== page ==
Passenger trains have been involved in numerous crashes on grade crossings. We are saddened to read about an Amtrak crash in Suffolk last night that left one person dead after a train hit a dump truck.
Details about this crash are still emerging and the deceased person has not yet been identified. Images from the scene showed a truck with a badly mangled cab.
Emergency Communications received a 911 call around 7:55 p.m. relating to a crash at the intersection of East Washington Street and Moore Avenue in downtown Suffolk, reported WVEC.
Media reports suggested North Regional #125 from New York to Norfolk did not derail but was in a collision with a dump truck.
Liberty Street and East Washington Street are expected to remain closed until Friday morning as officers investigate the scene of this latest Amtrak crash.
Amtrak said the 10-car train had 60 passengers on board. All passengers received emergency medical assessments. One man was taken to a local hospital for treatment of non-life threatening injuries. The Amtrak crash in Suffolk raises many questions.
Every year, hundreds of accidents occur between trains and vehicles on grade crossings. Amtrak services are often involved because passenger trains travel faster than freight trains, giving vehicles less time to get off the tracks.
Amtrak Crash in Suffolk is the Latest Grade Crossing Tragedy
In February, an Amtrak service carrying GOP leaders to a conference in West Virginia hit a trash truck on a grade crossing in Crozet, Virginia. A passenger in the trash truck died.
Investigators said the driver of a trash truck appeared to have maneuvered around rail crossing safety gates and onto the railroad tracks, putting him and his two passengers into the path of the Amtrak train.
In 2015, more than 60 people were injured after an Amtrak train derailed when it hit a truck at a crossing in Halifax.
The tractor-trailer and the oversize load it was carrying was being escorted by N.C. State Highway Patrol. It was hit by Amtrak’s Carolinian. The truck was stopped on the crossing at the time, according to reports.
In the United States, a pedestrian or a vehicle is hit by a train every three hours, accounting for 96 percent of rail industry deaths, The Hill reported.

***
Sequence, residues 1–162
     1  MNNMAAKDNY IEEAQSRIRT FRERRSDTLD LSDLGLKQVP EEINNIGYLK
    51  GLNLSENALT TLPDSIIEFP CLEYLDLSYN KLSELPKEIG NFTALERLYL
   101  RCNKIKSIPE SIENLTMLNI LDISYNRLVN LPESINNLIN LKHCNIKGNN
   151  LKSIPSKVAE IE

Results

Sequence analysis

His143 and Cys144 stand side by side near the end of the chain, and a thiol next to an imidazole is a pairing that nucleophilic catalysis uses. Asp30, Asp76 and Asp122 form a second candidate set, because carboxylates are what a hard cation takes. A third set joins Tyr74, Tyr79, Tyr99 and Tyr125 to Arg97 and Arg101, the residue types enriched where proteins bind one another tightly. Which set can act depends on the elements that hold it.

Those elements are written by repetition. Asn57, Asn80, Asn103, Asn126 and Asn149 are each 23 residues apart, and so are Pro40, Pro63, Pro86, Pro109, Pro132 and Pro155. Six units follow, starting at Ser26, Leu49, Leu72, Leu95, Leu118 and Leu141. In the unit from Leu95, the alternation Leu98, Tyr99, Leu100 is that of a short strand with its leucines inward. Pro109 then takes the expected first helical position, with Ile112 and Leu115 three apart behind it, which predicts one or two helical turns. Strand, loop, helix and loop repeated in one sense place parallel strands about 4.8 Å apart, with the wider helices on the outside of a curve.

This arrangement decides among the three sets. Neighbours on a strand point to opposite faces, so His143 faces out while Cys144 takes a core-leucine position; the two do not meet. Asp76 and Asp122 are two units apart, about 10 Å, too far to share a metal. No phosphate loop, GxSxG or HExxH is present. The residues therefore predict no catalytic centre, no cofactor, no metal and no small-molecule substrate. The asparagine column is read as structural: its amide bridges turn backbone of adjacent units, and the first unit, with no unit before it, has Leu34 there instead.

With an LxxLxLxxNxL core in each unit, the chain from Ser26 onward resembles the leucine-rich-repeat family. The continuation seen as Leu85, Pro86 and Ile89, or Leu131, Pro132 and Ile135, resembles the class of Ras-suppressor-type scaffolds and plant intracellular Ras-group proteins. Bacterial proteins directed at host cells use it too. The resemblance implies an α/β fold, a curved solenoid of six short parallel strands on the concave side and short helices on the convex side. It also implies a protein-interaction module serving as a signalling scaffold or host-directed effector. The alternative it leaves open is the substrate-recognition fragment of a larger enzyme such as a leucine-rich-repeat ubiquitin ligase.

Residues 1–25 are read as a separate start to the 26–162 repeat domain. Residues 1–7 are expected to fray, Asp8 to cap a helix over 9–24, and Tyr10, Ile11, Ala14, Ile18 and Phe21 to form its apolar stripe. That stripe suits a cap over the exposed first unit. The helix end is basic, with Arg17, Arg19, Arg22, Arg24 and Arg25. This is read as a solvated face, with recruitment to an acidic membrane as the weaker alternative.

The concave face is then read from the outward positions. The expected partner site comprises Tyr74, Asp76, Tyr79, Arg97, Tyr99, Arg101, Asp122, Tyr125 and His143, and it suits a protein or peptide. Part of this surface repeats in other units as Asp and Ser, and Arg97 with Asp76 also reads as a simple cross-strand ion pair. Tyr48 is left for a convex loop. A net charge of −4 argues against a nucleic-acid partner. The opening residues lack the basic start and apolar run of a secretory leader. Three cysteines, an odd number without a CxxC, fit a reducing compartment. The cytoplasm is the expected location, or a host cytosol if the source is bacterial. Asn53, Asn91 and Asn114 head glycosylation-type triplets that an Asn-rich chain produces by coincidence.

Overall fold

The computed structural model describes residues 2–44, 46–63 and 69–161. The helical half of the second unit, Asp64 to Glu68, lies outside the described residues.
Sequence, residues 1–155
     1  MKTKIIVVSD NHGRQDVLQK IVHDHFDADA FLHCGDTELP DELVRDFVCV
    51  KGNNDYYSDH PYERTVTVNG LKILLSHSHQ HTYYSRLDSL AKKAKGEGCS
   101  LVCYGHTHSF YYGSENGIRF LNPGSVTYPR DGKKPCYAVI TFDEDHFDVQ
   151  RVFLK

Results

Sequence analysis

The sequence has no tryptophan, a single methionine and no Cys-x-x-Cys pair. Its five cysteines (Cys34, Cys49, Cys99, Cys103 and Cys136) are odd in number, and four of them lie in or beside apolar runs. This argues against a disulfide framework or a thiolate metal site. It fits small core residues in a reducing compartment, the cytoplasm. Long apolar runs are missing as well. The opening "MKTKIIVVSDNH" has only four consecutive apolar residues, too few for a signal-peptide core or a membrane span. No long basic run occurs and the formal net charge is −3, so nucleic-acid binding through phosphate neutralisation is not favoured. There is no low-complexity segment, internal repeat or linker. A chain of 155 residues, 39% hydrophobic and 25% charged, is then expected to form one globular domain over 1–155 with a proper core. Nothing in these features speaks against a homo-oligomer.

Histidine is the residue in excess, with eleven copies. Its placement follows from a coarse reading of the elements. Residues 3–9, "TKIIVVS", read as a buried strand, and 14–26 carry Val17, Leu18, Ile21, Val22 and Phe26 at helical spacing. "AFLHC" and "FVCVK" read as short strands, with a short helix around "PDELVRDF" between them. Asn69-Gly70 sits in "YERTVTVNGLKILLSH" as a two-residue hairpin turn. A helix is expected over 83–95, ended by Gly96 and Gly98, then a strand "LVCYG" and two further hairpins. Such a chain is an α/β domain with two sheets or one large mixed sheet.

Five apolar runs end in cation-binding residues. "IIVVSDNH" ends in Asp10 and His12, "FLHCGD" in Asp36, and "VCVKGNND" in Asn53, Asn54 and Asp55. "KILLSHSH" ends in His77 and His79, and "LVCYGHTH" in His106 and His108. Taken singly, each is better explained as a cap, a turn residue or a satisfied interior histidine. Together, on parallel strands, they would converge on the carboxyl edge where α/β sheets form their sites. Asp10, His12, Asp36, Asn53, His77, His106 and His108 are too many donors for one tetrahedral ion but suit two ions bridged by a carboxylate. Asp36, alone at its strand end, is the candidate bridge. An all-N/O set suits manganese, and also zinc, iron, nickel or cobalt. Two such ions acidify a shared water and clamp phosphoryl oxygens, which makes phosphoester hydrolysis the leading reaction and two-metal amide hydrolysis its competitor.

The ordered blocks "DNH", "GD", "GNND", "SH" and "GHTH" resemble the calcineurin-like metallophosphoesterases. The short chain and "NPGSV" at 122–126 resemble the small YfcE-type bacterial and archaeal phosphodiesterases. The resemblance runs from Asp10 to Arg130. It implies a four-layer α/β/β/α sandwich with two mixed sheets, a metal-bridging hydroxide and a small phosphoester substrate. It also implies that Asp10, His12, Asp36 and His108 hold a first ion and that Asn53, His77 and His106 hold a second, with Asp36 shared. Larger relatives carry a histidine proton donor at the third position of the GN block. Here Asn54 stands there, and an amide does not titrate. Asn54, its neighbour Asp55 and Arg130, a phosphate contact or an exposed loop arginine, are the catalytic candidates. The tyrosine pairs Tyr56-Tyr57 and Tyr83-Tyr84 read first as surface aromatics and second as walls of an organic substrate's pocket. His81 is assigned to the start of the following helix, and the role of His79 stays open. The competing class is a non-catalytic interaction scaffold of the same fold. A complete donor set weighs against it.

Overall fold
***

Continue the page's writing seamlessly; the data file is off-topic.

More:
Although some of these crashes are caused by drivers or walkers who take unnecessary risks, many grade crossings are hazardous and lack safety measures.
The Hill noted Congress enacted Section 130, an initiative that gives states dedicated funding to improve grade crossings. This program led to $2 billion in investment over the past decade. The article linked the money to a 23 percent reduction in deaths and a 33 percent reduction in rail trespassing fatalities.
However, the resources are not equal to the size of the problem. Many rural areas have rudimentary crossings lacking safety barriers. The railroad has an obligation to maintain these crossings and to cut down undergrowth that obscures views. The railroad must also ensure gates and lights are working while the train engineer must sound a horn when approaching a crossing. One passenger on the Amtrak train in Suffolk told WAVY.com they did not hear a horn sound before the train hit the dump truck.
Failure to implement safety protocols may be grounds to file a wrongful death lawsuit against a railroad when a death on a grade crossing occurs.
Our thoughts are with the family of the deceased after this Amtrak crash in Suffolk. Far too many tragedies occur at grade crossings, causing an unnecessary loss of life. If you have lost a loved one, contact our Suffolk wrongful death lawyers at (757) 455-0077.